• Niall O'Carroll

Promoting women in sport has to be about more than the players

The father of the modern Olympic Games, Pierre de Coubertin, once described women’s sport as an “unaesthetic sight” for the human eye.

He described their participation as “impractical, uninteresting and improper.”  These words came to mind this week watching the USA team retain their FIFA Women’s World Cup title.

It also made me think of the ultimate FIFA clown, Sepp Blatter, and his belief that women’s football would benefit from the players wearing tighter shorts and smaller tops.

In my view the most significant feature of the coverage of this event was that people stopped discussing gender and just focused on football.

It was a significant event for creating role models for our children. None more so than Megan Rapinoe, the golden boot winner, who was the figurehead of the US squad both on and off the pitch.

Her public fall out on twitter with ‘The Donald’ was one of the many amusing side shows of the tournament. However, Rapinoe has used her position as a role model to raise some fundamental issues which affect society.

This year Rapinoe her teammates have filed a class action against the US football federation to gain equal pay with their male counterparts.

Budget figures in 2015 showed a $23 million increase in revenue attributed to the women’s team’s World Cup win and victory tour — more than what the men’s team brought in during that time period.

After they won the World Cup in 2015, it was revealed that the US women’s team were paid a quarter of what the men earned. This was despite the women generating $20m more than the men that year.

In Forbes’ ranking of the world’s highest paid athletes, not a single female featured in the top 20, In 2016 the FA Cup was won by Arsenal in both the men’s and women’s tournament, but where the men received £1.8 million in prize money, the women received just £5000. Maybe Rapinoe has a point.

She has also been outspoken on the rights of the individual. She refuses to sing the American national anthem in support of Colin Kaepernicks ‘Take a knee’ stance. “Part of that privilege is representing America, and representing America is representing all of America,” she says.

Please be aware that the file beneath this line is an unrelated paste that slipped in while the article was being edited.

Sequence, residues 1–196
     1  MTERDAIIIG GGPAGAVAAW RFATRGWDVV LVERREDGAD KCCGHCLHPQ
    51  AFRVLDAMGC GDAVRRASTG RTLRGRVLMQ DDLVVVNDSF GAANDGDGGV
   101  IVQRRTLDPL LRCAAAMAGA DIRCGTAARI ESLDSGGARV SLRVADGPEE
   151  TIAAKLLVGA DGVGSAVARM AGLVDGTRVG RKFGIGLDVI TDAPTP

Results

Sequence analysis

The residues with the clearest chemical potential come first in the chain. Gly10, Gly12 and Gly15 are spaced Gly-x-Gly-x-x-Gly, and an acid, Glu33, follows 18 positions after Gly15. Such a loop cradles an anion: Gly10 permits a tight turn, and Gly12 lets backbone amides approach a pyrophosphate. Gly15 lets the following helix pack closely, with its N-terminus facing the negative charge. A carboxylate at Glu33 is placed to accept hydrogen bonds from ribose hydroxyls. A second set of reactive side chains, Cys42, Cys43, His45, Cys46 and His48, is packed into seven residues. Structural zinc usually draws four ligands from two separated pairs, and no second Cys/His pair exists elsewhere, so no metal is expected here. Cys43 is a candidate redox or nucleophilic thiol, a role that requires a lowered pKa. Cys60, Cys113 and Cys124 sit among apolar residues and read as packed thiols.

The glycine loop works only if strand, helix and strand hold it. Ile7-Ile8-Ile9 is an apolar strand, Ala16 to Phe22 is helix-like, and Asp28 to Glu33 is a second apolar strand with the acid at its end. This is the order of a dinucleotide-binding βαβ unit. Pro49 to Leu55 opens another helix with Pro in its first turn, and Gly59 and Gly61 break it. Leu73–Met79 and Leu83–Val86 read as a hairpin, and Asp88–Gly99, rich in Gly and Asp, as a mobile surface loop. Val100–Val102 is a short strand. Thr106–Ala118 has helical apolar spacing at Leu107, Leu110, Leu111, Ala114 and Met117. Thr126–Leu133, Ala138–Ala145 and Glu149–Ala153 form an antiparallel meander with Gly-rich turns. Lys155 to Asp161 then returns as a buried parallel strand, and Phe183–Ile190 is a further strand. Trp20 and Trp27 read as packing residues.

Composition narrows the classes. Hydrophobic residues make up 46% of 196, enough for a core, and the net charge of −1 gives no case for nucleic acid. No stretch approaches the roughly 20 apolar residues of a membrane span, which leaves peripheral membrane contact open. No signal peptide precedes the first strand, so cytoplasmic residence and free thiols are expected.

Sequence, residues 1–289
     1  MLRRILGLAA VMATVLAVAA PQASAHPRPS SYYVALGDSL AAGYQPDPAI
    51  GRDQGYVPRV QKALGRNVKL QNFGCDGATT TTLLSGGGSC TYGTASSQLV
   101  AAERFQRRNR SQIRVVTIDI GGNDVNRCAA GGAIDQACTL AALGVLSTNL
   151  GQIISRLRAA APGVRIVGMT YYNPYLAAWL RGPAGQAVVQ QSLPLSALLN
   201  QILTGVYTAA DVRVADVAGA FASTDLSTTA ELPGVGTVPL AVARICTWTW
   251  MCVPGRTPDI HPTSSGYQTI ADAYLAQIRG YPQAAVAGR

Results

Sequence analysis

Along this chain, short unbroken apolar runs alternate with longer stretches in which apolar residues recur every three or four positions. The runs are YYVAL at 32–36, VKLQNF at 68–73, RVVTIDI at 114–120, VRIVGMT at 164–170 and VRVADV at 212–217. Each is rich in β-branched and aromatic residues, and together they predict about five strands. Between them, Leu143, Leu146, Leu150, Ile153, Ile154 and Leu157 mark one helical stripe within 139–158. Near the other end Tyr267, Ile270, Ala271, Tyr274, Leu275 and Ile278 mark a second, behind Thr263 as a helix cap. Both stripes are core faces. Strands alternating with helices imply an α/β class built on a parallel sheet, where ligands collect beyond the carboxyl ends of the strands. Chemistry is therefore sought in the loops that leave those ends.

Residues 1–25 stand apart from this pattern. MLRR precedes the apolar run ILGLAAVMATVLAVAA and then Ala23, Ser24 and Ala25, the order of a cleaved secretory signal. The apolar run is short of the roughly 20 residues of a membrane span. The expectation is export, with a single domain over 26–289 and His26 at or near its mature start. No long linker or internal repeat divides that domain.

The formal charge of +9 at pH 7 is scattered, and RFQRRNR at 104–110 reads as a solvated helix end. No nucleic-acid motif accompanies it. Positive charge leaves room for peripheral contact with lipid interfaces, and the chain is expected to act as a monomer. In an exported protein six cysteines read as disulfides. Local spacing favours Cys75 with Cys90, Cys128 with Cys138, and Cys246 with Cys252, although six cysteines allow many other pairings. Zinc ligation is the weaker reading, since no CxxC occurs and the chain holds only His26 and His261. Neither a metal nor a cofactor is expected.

In response to what she believes is homophobic rhetoric from the Trump administration she said: “You can’t win a championship without gays on your team. It’s never been done before, ever.”

Interesting timing as there have been calls for the resignation of Felice Belloli, the president of the Italian amateur football association for questioning funding to the Italian Women’s national team as ‘wasting money on a bunch of lesbians’.

I have worked in sports where the standards of treatment and dress code have varied significantly for men and women.

I have always wondered why male gymnasts wear full length pants while their female counterparts are barely covered, resembling Miley Cyrus (in her ‘grown up’ from Hananah Montana stage leotard). 

Beach Volleyball at the Rio Olympics had one of the biggest followings and  a large part of those numbers were because of the costumes or lack thereof. 

Realistically there are very few sports that require significantly different kit. It is not the athletes but the attitudes of the those governing sport that need to change.

Last week Colin Bell resigned as manager of the Irish women’s football team. In an interview he explained how he had wanted to remain and had given his blueprint for the future development and success of the ladies game. This was rejected by the FAI Board.

“I was told, basically, that things would carry on as they were to start off with, and then we’d see what happened, but that wasn’t good enough for me.

“I want progression at every level, and I think I would have been able to really, really grow the game. It will grow, I’m sure, because we’ve got a great set of girls, but the progress in and around the women’s game is just going too slow, as far as I’m concerned.”

There has been animated reaction to this with some pointing to the womens game being ‘fifth class citizens’ and ‘the dirt on the FAI’s shoe’ (Stuart Gilhooly, PFAI solicitor).

While others have shrugged it off as another example of the total disregard and contempt the FAI Board hold for its members. I see it as a little from column A and little from column B.

For me, it is another example of the lack of vision in those governing high performance sport in Ireland. Indeed Irish sport is littered with stories of coaches and visionaries being forced out by the complete lack of appreciation for ’outside the box’ concepts.

Hockey Ireland have seen two outstanding coaches (Craig Fulton and Graeme Shaw) walk away in the last 12 months.